We are told that we need to follow this plan from grade school on the food categories we eat and the amount of protein we need to consume to be healthy. I can not say that I am a total believer on the high protein diet as gospel but makes you wander when the information in today’s society shows you a complete different take of this notion. I am far from a vegetarian or frutarian because I need my protein and I tend to get that from grass fed animal meat, no hormone added chicken and wild caught seafood. In my studies, I found this notation below, from The Amazing Liver and Gallbladder Flush by Andreas Mortz, as very informative and eye opening. Makes you go hmm.

The often-cited scientific fact that we need to combine certain foods (such as beans and rice) in order to get complete proteins is plain misinformation, too. The body does not depend on food proteins to produce the proteins it requires to be healthy.

The strongest animals like the elephant, wild horse, orangutan, and bull do not have to eat animal proteins either. Like us, their vegan foods, the air they breathe, the sunlight they are exposed to, and the water they drink, provide them with the necessary molecules to make their own proteins and strong muscles. By giving them animal protein-based feeds, they actually become sick or die, just like many humans (as confirmed by the already mentioned research).

Some people have argued that chimpanzees, whose genetic makeup is almost identical to that of humans, eat meat, i.e. flesh food and so accordingly, it must be in our genes to eat meat, too. However, chimps don’t eat other animals. The amount of animal protein they may eat is about the size of half a pea a day and it consists of small insects, not animals. The hands and nails, teeth, and digestive tract of a chimpanzee are those of a predominately vegan animal, or fruitarian, not those of a carnivorous beast that hunts down, tears apart and devours other animals.

The ultimate determinant of whether an animal is required to eat foods high in protein is the composition of its mother’s milk. The milk produced by primates, to which the human species belongs, is very low in protein. Among all primates, the milk produced by humans has the lowest amount of protein, at 0.8 to 0.9 percent. It also contains 4.5 percent fat, 7.1 percent carbohydrates, and 0.2 percent ash (minerals)88. This still leaves protein at less than 1 g/100ml whereas cow’s milk is 3.5g/100ml.

Breast milk of primates like chimpanzee, baboon, rhesus monkey, and gorilla has a protein content of only 0.85 to 1.2 percent.

Now compare the tiny percentage of protein in human milk and other primates with the large percentage of protein in the milk of a carnivorous animal, such as a cheetah. The nutrient content of cheetah milk is 99.6 g protein, 64.8 g fat, and 40.21 g lactose per kg milk89. That amounts to 9.96 percent protein, over 10 times the amount found in human milk. Also, can anyone give an explanation as to why our protein requirement would change so drastically from 5 percent during infancy to 10-20 percent range for adulthood?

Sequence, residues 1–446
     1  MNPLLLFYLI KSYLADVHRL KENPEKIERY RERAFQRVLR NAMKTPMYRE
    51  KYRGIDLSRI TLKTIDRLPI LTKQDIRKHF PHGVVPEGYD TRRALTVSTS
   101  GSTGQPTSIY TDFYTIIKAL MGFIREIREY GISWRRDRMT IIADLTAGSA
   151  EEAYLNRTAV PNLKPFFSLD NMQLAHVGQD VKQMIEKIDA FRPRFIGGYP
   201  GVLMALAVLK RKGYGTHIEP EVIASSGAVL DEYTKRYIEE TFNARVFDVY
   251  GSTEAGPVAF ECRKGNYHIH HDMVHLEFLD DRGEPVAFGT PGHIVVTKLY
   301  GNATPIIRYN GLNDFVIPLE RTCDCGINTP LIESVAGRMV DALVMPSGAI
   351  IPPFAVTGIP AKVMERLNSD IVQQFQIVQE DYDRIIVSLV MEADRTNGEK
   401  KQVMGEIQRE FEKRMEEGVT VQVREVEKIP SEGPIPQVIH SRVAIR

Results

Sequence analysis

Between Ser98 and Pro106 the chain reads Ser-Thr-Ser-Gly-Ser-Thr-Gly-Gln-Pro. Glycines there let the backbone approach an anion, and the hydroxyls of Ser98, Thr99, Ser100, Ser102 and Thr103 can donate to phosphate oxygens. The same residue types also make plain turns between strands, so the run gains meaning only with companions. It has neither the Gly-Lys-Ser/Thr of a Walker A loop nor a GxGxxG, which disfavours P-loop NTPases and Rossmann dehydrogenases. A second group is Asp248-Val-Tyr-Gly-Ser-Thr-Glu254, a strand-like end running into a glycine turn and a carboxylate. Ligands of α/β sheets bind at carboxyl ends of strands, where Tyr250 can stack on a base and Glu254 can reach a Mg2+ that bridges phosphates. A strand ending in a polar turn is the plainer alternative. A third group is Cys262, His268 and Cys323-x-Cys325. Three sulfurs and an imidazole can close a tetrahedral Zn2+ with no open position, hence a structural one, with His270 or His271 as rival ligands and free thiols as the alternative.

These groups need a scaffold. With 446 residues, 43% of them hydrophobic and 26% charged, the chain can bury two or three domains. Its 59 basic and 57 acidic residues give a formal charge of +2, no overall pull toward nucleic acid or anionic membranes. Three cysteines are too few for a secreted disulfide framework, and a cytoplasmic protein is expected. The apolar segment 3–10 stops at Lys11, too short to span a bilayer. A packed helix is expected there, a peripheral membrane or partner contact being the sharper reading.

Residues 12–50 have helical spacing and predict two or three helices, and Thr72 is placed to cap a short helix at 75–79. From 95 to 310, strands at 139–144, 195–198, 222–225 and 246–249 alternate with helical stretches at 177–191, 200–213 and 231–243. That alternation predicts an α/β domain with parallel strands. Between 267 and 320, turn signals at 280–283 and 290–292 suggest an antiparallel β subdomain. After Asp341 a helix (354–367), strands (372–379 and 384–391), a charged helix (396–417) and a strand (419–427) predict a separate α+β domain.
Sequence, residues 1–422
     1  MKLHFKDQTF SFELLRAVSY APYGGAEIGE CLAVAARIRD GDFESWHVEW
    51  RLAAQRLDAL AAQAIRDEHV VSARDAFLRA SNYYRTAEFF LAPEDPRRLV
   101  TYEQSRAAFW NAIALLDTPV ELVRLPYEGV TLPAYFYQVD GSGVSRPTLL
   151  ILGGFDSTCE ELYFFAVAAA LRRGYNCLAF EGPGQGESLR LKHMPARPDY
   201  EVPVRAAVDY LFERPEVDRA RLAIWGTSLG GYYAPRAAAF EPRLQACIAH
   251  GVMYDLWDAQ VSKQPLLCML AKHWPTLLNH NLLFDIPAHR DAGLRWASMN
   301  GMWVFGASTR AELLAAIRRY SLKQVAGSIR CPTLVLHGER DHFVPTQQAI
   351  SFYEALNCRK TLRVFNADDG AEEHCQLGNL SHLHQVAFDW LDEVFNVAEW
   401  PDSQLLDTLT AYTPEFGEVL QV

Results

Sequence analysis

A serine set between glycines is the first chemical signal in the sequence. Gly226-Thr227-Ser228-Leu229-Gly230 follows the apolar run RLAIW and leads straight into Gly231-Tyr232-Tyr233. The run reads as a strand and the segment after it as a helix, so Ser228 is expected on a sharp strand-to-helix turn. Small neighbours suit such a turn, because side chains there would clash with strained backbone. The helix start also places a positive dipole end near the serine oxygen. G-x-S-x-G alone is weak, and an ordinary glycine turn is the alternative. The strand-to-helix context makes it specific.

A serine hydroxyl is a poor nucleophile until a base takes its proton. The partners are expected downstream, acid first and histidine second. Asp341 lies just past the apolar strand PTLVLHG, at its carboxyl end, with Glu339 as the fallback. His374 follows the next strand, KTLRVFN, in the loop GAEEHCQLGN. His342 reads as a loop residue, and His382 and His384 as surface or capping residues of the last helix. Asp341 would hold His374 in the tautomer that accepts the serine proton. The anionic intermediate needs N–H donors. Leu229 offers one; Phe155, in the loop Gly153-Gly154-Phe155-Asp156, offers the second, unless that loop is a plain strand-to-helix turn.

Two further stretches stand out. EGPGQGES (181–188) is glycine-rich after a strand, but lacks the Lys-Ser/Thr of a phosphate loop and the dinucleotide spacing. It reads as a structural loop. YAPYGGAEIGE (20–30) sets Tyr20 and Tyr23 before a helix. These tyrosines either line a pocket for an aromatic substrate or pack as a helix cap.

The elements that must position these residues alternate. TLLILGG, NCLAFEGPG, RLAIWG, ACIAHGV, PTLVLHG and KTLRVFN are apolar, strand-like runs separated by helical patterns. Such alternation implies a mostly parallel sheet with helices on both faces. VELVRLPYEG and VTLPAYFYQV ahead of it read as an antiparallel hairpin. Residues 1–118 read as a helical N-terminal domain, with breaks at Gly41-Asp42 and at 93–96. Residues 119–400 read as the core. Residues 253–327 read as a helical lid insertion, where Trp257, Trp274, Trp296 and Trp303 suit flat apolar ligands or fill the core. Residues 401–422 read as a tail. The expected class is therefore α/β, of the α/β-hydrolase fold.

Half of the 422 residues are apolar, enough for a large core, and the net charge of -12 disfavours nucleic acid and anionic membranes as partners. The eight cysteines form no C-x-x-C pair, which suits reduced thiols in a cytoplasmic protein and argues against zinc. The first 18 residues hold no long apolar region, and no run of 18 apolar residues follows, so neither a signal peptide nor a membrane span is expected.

Human breast milk is a newborn child’s most important and balanced food. For a newborn’s cells to divide and multiply and for its body to grow, it needs a lot of protein, or so it seems. Yet right from the beginning of life, the growing baby is naturally prevented from ingesting a concentrated protein food. This is where science fails to explain the true workings of the human body.

In reality, there is no need for a high protein food anyway since whatever the baby receives from the mother’s milk, air and sunlight, the infant has everything it needs to jump-start protein synthesis by the cells and triple its body weight within the first 16 months of its life. Once the biggest growth spurt in a child’s life has occurred, it has an even lesser need for concentrated protein foods than during the first 16 months. In fact, after breast feeding for one year, the protein content in mother’s milk drops even further. This simple fact defies the very principle of nutritional science, which claims we need to eat a large amount of protein each day to survive.

When the body reaches adulthood and stops growing altogether, eating such foods may not only be unnecessary but can actually interfere with its most important functions. It makes no sense at all that we need less than 1 percent protein in our food when we grow the most, but 10-20 percent (as recommended by nutritionists) when we stop growing altogether.

The high concentrations of carbohydrates and fats in breast milk gives us further clues as to what our natural diet should consist of during adulthood. Fruits, vegetables, grains, etc. are rich in carbohydrates. Besides eating olives, nuts, seeds, and avocado, we can easily use such oils as olive oil and coconut oil to satisfy our naturally high requirement for fats.

Besides cleaning out the liver and gallbladder, I recommend that you check for any existing abnormal health conditions that could be due to a high-protein diet. Sometimes, just avoiding these foods for a couple of days may already bring you the desired relief.

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